Diggle-Cressie-Loosmore-Ford and Maximum Absolute Deviation Tests

Perform the Diggle (1986) / Cressie (1991) / Loosmore and Ford (2006) test or the Maximum Absolute Deviation test for a spatial point pattern.

htest, spatial
dclf.test(X, ..., rinterval = NULL, use.theo=FALSE)
mad.test(X, ..., rinterval = NULL, use.theo=FALSE)
Data for the test. Either a point pattern (object of class "ppp", "lpp" or other class), a fitted point process model (object of class "ppm", "kppm" or other class), a simulation envelope (ob
Arguments passed to envelope. Useful arguments include fun to determine the summary function, nsim to specify the number of Monte Carlo simulations, verbose=FALS
Interval of values of the summary function argument r over which the maximum absolute deviation, or the integral, will be computed for the test. A numeric vector of length 2.
Logical value determining whether to compare the summary function for the data to its theoretical value for CSR (use.theo=TRUE) or to the sample mean of simulations from CSR (use.theo=FALSE).

These functions perform hypothesis tests for goodness-of-fit of a point pattern dataset to a point process model, based on Monte Carlo simulation from the model.

dclf.test performs the test advocated by Loosmore and Ford (2006) which is also described in Diggle (1986), Cressie (1991, page 667, equation (8.5.42)) and Diggle (2003, page 14).

mad.test performs the global or Maximum Absolute Deviation test described by Ripley (1977, 1981).

The type of test depends on the type of argument X.

  • IfXis some kind of point pattern, then a test of Complete Spatial Randomness (CSR) will be performed. That is, the null hypothesis is that the point pattern is completely random.
  • IfXis a fitted point process model, then a test of goodness-of-fit for the fitted model will be performed. The model object contains the data point pattern to which it was originally fitted. The null hypothesis is that the data point pattern is a realisation of the model.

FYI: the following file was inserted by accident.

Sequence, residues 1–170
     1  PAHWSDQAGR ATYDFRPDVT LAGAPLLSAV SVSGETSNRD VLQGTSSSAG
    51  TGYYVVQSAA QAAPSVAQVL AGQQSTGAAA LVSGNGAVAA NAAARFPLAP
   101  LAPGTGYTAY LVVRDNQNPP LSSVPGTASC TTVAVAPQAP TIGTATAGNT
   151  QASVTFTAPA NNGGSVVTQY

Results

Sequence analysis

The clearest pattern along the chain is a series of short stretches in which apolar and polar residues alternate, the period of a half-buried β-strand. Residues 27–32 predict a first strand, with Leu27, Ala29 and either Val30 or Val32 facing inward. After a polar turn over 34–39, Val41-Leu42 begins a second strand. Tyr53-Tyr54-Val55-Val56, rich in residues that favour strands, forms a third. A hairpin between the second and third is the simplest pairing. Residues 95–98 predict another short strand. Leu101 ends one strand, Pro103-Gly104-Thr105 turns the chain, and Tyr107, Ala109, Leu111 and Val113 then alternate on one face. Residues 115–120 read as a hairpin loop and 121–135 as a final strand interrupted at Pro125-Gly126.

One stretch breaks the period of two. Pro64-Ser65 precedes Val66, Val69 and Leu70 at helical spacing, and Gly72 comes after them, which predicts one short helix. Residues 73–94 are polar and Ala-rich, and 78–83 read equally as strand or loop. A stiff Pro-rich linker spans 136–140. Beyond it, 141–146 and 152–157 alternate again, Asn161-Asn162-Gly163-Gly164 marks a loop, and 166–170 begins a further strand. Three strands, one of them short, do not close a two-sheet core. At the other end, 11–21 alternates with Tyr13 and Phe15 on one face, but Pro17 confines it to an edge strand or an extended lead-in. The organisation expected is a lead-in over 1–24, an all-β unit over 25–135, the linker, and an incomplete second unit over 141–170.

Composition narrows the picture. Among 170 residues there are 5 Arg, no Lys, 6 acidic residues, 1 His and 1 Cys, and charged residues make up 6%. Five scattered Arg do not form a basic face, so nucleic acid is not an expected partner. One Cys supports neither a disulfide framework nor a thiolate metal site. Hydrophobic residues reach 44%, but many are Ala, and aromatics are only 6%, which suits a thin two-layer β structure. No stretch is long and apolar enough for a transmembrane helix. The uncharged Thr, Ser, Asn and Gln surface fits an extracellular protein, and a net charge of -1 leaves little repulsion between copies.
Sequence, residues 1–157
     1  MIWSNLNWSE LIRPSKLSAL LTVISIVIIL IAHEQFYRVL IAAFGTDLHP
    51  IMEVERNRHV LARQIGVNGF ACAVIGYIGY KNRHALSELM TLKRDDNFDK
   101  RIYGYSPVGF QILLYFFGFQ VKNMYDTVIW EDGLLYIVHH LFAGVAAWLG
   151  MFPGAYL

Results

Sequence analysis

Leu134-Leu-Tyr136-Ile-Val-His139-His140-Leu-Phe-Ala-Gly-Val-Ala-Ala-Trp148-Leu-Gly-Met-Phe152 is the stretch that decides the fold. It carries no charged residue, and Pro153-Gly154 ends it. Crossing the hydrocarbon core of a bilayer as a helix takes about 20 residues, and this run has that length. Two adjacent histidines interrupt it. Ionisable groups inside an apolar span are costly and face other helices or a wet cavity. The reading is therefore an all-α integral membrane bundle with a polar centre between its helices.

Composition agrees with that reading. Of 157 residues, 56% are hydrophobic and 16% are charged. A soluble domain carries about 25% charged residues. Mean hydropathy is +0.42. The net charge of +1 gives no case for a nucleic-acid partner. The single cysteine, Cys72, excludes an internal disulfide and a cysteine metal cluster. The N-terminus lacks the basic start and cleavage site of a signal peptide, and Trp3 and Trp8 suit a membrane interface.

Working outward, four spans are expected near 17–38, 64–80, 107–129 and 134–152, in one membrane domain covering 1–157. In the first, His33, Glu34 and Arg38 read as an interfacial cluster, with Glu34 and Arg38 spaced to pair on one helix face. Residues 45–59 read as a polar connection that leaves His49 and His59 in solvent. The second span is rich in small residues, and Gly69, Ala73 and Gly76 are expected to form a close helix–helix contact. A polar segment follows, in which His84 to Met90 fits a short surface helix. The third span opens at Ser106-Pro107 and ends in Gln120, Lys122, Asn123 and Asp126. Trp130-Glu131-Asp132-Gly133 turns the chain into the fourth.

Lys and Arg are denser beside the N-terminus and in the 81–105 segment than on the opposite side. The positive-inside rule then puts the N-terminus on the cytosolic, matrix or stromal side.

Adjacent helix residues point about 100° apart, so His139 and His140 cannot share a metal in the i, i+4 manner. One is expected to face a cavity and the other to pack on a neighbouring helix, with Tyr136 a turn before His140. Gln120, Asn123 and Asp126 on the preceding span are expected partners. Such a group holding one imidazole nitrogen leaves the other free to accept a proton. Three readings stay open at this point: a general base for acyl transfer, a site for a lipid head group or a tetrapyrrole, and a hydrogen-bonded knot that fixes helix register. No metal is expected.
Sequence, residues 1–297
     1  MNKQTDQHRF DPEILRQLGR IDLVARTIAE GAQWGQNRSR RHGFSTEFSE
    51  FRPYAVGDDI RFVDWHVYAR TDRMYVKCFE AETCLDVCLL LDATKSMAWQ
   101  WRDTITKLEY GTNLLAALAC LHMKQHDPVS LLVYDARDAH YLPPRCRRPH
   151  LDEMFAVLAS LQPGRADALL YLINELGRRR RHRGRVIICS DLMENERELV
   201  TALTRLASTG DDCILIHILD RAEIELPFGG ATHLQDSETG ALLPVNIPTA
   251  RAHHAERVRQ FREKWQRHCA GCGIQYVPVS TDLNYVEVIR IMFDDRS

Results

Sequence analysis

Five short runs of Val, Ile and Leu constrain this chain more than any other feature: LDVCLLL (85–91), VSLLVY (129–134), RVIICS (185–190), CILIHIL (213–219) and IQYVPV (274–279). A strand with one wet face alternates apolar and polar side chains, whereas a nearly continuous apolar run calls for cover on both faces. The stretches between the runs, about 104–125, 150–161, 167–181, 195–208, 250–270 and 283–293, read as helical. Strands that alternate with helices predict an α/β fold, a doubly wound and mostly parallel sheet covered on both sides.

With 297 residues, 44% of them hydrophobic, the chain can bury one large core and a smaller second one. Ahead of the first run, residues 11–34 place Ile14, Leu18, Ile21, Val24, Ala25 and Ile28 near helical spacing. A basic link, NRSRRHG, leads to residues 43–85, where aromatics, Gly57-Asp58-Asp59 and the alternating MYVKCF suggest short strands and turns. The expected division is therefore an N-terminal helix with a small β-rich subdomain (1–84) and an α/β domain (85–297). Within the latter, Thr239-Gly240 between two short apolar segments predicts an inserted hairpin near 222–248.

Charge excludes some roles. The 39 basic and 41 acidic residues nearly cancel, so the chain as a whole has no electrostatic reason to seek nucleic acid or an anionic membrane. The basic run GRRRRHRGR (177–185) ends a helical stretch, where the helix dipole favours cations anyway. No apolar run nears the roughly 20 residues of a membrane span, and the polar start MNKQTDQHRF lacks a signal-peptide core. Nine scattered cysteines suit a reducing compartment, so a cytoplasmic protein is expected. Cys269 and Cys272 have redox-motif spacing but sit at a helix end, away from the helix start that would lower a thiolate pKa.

• IfXis an envelope object generated byenvelope, then it should have been generated withsavefuns=TRUEorsavepatterns=TRUEso that it contains simulation results. These simulations will be treated as realisations from the null hypothesis.
  • AlternativelyXcould be a previously-performed test of the same kind (i.e. the result of callingdclf.testormad.test). The simulations used to perform the original test will be re-used to perform the new test (provided these simulations were saved in the original test, by settingsavefuns=TRUEorsavepatterns=TRUE).
In all cases, the algorithm will first call envelope to generate or extract the simulated summary functions. The number of simulations that will be generated or extracted, is determined by the argument nsim, and defaults to 99. The summary function that will be computed is determined by the argument fun (or the first unnamed argument in the list ...) and defaults to Kest (except when X is an envelope object generated with savefuns=TRUE, when these functions will be taken).

The choice of summary function fun affects the power of the test. It is normally recommended to apply a variance-stabilising transformation (Ripley, 1981). If you are using the $K$ function, the normal practice is to replace this by the $L$ function (Besag, 1977) computed by Lest. If you are using the $F$ or $G$ functions, the recommended practice is to apply Fisher's variance-stabilising transformation $\sin^{-1}\sqrt x$ using the argument transform. See the Examples.


  • An object of class "htest". Printing this object gives a report on the result of the test. The $p$-value is contained in the component p.value.

Handling Ties

If the observed value of the test statistic is equal to one or more of the simulated values (called a tied value), then the tied values will be assigned a random ordering, and a message will be printed.


Besag, J. (1977) Discussion of Dr Ripley's paper. Journal of the Royal Statistical Society, Series B, 39, 193--195. Cressie, N.A.C. (1991) Statistics for spatial data. John Wiley and Sons, 1991.

Diggle, P. J. (1986). Displaced amacrine cells in the retina of a rabbit : analysis of a bivariate spatial point pattern. J. Neuroscience Methods 18, 115--125. Diggle, P.J. (2003) Statistical analysis of spatial point patterns, Second edition. Arnold.

Loosmore, N.B. and Ford, E.D. (2006) Statistical inference using the G or K point pattern spatial statistics. Ecology 87, 1925--1931.

Ripley, B.D. (1977) Modelling spatial patterns (with discussion). Journal of the Royal Statistical Society, Series B, 39, 172 -- 212.

Ripley, B.D. (1981) Spatial statistics. John Wiley and Sons.

See Also

envelope, dclf.progress

  • dclf.test
  • mad.test
dclf.test(cells, Lest, nsim=39)
  m <- mad.test(cells, Lest, verbose=FALSE, rinterval=c(0, 0.1), nsim=19)
  # extract the p-value
  # variance stabilised G function
  dclf.test(cells, Gest, transform=expression(asin(sqrt(.))),
                   verbose=FALSE, nsim=19)
Documentation reproduced from package spatstat, version 1.34-1, License: GPL (>= 2)

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